"Ah," you said, your eyes bright with mockery. "There's more where he came from, my lady. Help yourself."
And you slammed the door in my face.
But in those first years, caged in an empty stone house between the poppy beds and the sea, I thought ceaselessly of my own misfortune. You were hardly to blame for these thoughts, locked away in the mountain cells—little better than caves—at Antigone Springs. It is not as though I expected you to write me love letters, or to have made plans for my entertainment while you were in prison. But it would be wrong to absolve you utterly of my unhappiness while I lived—orphaned, friendless, virgin—beneath your roof.
You were arrested nine days after our wedding. It came as a surprise to me, but I suppose you had been expecting it all along—the dirty uniforms and rifle barrels, the cold eyes, the huge hands, the pain in the side of your head when the gun knocked you to the floor. I screamed and clawed at them, bridal instinct rushing to your defense when personal affection would not. They pushed me onto the floor beside you. One of them spat on me and stepped on my fingers on his way out the door.
I served my purpose; you were not hung, though from what I have learned since of Antigone Springs—the experiments, the beatings, the rapes—I doubt you were grateful during the fifteen years of your sentence. I should not have pitied you, for you were undoubtedly guilty of every crime they charge you with, and more besides. But I did pity you. Even then.
Selene was the first one to come after your arrest. I do not know if she was so stupid that she did not hear of it, or so addicted that she did not care. The servants told me she was waiting in the conservatory, one of the few rooms you had bothered to furnish, with its heavy dripping trees and cushion-mounded divans and pools of sparkling golden fish. Selene looked like one of those fish, liver-yellowed and glittering with jewels.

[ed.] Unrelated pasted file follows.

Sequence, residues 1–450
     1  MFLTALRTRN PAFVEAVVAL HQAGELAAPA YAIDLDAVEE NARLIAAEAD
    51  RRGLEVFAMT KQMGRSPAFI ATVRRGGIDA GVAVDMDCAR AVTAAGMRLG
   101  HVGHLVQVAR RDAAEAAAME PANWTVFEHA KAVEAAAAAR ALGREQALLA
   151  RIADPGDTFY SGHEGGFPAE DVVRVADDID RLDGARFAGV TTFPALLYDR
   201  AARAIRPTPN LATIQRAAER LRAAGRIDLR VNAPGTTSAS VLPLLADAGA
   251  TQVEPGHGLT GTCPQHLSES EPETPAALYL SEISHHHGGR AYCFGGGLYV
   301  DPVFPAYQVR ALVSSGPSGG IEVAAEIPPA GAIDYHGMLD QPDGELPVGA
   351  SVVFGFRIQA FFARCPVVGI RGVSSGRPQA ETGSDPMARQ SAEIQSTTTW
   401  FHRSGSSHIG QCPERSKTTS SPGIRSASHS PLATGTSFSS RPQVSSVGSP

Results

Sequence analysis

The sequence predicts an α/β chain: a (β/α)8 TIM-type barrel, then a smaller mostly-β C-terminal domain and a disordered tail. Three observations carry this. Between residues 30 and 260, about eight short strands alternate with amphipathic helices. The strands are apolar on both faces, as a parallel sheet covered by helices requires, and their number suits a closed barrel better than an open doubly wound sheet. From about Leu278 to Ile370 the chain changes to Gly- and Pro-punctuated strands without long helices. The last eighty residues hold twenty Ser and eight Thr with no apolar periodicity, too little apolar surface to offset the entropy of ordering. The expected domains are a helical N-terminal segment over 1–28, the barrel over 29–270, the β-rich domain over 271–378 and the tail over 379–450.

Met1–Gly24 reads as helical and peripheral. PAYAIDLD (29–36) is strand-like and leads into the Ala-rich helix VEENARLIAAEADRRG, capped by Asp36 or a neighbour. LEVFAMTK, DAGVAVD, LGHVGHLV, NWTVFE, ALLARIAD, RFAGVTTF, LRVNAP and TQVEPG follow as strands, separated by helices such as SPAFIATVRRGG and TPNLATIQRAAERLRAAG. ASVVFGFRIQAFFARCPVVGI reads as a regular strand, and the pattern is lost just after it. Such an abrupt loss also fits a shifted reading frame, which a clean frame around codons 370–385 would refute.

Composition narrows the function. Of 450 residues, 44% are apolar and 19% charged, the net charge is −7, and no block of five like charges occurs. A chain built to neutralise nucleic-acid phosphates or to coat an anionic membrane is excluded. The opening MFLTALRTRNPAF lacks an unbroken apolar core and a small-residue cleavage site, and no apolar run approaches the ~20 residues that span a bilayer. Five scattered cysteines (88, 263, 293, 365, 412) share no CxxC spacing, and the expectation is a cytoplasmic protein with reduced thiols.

"Who are you?" she demanded, looking me over as you had—appraisingly.
I offered her my hand. "I am the Minotaur's wife," I said.
(Would you believe, during those first years, I had no other name for you? Even in my fantasies, when I whispered into my pillow and imagined you moaning my name.)
"Your husband has some things for me," she said. She did not take my hand.
It was this insolence that made me decide to give her not the truth—that you were in prison, and that I knew less than nothing of your business arrangements—but exactly what she was looking for.
When I was a young girl, I kept a sort of journal in a blank book my eldest sister had bound for me, and I hid the journal in a locked drawer of our grandfather's desk. Sphairos taught me to hollow the margins of a book to hide the drawer's key. The trick, which you had not learned, is to put the book somewhere inconspicuous; for example, on the shelves of a library. Not on top of the desk which the key opens.
Your lack of guile in this regard made if very simple for me to find your records book, to find Selene's name and see that she had purchased a fifth of your crop for seven hundred drachmae. I noted the sum, returned the book and key to their hiding places, and rejoined Selene in the conservatory.
"I will send the servants with the poppy tears as soon as the flowers are ready," I said, "and not before I receive payment. My husband's records show that you still owe us fourteen hundred drachmae."
"Fourteen hundred drachmae!" she shrieked. "You'd be lucky to get half that, with most of your clients too scared to leave the shadows."
"Indeed, lack of customers drives me to raise the price for the ones we retain. We must keep the farming worth our while." I folded my arms across my chest. "Of course, you may buy the poppy elsewhere, but I fear getting in touch with Priam of Marathon is not as easy as it used to be."
Her colored deepened a horrid wash of red and yellow fighting on her cheeks. "Bitch," she spat. I smiled my sweetest smile. And in the end, she paid.
* * *
I told you that I spent those years in disappointment and loneliness. That is true, but it does not mean I was entirely unhappy. I became good at being the Minotaur, and so I came to enjoy it, to embrace the secrets and the bargaining and the creamy pages of your records book, to find satisfaction in orange petals and tiny black seeds. It was not what I had dreamed of when I was a child scribbling in my sister's book, but for better or worse, it was my life.
And then you came back, fifteen years and three months after I watched you led out the door in chains. Your hair was streaked with gray, your long nose faintly crooked, your brown eyes webbed 'round with thin lines. There were other scars, too, that I did not see but that Stephanos told me about in horrified whispers. But you were still strong, still proud, still the Minotaur.